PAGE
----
The technical advantages of the present invention include a more accurate imprint or location of the cuts around the implanted prosthesis stem to be removed. For example, according to one aspect of the present invention, the guide includes channels positioned about the outer periphery of the guide, which conform to a path slightly outside of the outer periphery of the implant to be removed. The tool is moved about the pocket to provide for cuts outside the prosthesis that are very close to the prosthesis, well defined and accurate. Thus, the present invention provides for improved accuracy cuts and minimal removal of bone when making cuts to loosen the prosthesis for its removal.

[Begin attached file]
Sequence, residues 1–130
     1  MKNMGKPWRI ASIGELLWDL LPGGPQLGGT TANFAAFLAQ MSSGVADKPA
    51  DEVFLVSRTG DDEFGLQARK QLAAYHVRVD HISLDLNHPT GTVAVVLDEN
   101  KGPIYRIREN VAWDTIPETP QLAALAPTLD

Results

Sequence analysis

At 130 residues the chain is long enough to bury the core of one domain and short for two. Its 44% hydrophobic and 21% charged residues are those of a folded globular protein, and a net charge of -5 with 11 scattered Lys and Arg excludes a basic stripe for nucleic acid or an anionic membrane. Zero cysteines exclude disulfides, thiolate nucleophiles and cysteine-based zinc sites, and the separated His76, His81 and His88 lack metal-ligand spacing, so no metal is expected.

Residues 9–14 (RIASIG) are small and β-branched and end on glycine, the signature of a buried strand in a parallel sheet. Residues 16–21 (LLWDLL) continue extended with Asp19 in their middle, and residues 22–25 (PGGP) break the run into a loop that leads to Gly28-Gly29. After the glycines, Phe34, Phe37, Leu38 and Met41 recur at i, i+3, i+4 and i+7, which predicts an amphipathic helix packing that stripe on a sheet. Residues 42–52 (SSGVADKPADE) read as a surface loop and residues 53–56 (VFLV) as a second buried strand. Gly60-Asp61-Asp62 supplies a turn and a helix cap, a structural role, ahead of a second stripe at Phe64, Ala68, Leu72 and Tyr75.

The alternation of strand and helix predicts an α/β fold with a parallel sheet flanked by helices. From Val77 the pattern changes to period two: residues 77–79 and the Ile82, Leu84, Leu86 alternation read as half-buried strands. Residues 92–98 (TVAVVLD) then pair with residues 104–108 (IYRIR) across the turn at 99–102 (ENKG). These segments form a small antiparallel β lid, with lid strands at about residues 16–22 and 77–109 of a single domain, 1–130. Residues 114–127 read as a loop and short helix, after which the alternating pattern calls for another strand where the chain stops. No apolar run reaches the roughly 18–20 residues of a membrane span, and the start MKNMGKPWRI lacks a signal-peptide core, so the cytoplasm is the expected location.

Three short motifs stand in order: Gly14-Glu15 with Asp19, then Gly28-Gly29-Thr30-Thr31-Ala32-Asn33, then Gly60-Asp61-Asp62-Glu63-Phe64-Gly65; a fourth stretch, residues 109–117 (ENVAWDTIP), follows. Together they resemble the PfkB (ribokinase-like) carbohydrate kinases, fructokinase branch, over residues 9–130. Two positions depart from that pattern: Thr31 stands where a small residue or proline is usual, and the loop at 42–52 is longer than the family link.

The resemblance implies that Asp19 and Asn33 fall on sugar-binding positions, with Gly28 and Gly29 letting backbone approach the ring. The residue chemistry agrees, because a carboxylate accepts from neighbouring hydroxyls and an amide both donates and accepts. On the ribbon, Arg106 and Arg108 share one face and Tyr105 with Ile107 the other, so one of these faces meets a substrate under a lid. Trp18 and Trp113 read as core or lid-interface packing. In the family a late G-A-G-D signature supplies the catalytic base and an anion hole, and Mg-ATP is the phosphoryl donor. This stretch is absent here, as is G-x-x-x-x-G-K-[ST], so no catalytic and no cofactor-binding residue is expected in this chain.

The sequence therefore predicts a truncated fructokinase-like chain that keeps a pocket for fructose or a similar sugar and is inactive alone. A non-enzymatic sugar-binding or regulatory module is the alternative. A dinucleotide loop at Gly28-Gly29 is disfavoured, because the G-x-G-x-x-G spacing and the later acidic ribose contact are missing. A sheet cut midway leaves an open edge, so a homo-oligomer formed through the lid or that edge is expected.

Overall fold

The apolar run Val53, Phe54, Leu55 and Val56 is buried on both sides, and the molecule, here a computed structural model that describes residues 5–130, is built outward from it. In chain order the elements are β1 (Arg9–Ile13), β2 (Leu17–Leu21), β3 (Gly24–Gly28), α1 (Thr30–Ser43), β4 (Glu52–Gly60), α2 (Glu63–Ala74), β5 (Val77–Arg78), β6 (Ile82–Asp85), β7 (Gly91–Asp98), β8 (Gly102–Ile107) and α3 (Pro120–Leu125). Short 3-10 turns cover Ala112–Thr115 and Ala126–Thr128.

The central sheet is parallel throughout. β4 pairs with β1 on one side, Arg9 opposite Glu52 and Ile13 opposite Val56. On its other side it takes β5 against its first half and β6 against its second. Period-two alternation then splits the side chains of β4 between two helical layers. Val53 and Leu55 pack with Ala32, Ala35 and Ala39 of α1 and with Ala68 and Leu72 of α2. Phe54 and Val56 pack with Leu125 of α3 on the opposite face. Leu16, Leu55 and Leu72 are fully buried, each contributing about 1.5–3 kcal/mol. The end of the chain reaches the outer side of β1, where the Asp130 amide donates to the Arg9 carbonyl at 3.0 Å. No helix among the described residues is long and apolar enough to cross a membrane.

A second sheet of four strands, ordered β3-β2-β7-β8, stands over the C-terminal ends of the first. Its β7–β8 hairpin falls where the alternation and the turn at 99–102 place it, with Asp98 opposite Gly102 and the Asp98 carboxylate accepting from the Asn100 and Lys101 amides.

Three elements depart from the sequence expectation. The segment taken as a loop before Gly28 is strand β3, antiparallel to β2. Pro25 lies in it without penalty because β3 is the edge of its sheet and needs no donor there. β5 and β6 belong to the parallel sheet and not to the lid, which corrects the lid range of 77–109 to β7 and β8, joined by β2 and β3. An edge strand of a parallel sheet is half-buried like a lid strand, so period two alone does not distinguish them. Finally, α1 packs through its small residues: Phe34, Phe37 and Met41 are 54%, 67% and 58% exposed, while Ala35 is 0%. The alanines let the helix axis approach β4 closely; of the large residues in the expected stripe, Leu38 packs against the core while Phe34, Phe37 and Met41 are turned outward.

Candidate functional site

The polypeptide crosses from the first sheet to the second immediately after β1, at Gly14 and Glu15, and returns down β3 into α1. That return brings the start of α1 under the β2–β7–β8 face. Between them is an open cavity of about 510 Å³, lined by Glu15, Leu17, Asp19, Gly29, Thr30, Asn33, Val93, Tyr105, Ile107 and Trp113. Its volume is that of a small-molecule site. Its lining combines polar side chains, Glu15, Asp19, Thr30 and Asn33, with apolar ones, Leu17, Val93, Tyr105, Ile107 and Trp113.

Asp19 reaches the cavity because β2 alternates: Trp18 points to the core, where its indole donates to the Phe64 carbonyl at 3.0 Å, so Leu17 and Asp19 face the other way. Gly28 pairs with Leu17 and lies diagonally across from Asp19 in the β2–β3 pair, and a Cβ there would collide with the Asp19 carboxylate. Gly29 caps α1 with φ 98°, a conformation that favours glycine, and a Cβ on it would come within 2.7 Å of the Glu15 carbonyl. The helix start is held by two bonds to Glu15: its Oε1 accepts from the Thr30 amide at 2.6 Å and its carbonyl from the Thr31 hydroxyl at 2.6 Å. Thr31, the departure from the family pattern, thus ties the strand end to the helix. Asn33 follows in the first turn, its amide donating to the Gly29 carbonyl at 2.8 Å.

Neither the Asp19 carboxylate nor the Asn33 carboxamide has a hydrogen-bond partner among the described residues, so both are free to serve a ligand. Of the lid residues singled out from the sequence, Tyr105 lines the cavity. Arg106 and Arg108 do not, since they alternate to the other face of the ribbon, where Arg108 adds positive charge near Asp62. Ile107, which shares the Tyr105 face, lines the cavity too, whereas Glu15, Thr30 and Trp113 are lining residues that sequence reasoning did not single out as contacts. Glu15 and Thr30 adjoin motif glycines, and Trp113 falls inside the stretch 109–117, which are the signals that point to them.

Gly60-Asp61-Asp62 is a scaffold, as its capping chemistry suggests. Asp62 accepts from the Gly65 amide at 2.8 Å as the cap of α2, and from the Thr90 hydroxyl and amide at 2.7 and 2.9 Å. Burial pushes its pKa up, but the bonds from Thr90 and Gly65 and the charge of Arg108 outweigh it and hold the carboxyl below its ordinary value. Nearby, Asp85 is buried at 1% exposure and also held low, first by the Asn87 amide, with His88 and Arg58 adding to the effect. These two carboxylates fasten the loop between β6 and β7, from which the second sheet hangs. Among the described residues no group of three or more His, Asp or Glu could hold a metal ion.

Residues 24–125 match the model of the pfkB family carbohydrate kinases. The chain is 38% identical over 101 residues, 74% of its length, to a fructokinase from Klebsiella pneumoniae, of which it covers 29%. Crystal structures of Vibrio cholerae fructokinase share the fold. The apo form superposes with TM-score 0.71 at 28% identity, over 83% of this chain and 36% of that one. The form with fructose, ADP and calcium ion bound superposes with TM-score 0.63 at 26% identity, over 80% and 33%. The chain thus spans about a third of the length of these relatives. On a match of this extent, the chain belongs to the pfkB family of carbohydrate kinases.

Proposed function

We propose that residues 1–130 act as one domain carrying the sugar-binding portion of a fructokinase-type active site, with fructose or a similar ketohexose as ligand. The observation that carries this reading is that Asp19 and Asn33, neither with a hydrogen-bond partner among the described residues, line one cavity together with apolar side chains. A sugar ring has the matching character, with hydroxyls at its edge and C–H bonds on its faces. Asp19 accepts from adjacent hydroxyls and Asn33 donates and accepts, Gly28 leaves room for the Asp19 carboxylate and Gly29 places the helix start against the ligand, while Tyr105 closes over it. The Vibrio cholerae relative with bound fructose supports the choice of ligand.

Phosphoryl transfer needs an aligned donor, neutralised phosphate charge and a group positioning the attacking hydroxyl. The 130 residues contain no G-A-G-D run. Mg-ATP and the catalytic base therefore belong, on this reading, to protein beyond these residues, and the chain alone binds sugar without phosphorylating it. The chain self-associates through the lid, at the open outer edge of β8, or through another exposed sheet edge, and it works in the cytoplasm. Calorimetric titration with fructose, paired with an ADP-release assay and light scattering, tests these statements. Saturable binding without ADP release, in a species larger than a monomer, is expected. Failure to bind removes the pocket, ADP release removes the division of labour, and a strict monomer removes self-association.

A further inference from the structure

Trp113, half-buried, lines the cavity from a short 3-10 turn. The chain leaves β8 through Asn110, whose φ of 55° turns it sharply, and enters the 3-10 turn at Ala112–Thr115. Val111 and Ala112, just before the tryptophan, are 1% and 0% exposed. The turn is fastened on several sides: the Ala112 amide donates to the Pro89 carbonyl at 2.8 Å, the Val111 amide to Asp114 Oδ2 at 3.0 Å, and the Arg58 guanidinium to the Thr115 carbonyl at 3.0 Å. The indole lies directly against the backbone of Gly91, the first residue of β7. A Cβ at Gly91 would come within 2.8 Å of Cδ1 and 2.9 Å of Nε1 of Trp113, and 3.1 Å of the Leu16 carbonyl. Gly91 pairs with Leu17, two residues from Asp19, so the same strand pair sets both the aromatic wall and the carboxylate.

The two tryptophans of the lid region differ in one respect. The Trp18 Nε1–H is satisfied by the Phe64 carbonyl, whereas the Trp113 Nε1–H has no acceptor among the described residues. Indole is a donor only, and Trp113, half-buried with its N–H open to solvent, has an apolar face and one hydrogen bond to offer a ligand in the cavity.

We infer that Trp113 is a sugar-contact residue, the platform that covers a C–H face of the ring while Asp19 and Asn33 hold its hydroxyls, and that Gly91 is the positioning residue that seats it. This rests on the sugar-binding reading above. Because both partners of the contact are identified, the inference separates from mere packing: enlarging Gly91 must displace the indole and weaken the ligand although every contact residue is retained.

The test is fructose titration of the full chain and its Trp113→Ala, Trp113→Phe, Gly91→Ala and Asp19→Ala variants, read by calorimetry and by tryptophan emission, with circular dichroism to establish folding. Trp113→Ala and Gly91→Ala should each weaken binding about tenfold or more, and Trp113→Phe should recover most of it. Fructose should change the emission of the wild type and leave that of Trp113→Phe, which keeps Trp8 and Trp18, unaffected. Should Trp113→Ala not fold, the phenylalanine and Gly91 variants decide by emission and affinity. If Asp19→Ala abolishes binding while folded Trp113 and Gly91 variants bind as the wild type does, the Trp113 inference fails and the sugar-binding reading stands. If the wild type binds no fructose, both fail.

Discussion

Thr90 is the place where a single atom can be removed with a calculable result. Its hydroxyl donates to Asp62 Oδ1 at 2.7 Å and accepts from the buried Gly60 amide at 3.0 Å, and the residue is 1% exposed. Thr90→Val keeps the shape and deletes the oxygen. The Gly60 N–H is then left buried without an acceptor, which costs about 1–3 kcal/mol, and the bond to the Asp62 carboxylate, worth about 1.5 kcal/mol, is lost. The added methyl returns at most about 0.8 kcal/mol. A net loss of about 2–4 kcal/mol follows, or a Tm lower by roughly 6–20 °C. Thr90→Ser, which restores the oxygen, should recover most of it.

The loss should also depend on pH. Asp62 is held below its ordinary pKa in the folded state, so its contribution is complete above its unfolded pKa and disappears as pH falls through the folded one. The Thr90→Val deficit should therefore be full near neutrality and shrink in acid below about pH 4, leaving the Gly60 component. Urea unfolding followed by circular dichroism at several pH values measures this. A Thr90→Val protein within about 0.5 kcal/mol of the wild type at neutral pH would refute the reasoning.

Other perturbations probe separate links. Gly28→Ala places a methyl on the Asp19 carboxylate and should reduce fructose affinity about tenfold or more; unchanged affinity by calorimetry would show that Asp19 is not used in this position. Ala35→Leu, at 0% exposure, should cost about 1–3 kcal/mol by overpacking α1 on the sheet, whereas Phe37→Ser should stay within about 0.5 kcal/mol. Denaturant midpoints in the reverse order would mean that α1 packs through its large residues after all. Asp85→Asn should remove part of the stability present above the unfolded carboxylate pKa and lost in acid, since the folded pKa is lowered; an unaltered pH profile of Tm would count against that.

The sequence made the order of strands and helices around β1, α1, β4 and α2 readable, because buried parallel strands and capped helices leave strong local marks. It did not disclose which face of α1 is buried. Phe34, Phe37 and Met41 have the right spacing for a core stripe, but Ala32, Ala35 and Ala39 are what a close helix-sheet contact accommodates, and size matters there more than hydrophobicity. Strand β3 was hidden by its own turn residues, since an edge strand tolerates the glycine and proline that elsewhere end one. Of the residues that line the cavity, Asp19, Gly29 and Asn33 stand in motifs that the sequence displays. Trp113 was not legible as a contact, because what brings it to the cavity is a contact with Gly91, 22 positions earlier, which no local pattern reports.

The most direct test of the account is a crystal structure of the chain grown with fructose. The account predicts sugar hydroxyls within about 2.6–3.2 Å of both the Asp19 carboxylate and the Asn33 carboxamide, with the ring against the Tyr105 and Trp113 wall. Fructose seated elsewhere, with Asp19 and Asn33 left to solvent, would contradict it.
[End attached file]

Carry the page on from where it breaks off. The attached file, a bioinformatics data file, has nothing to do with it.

Another technical advantage of the present invention reduces damage to the tool caused by the tool being in contact in cutting the hardened prosthesis. For example, according to one aspect of the present invention the tool includes channels, which guide the tool in a spaced apart relationship to the prosthesis.
 Further, according to a another aspect of the present invention, the guide includes a first guide feature which cooperates with a prosthesis feature such that the guide and the prosthesis are aligned such that the movement of the tool along the channels provides for an accurate space from the prosthesis cut such that the tool does not contact the prosthesis and cause damage to the tool.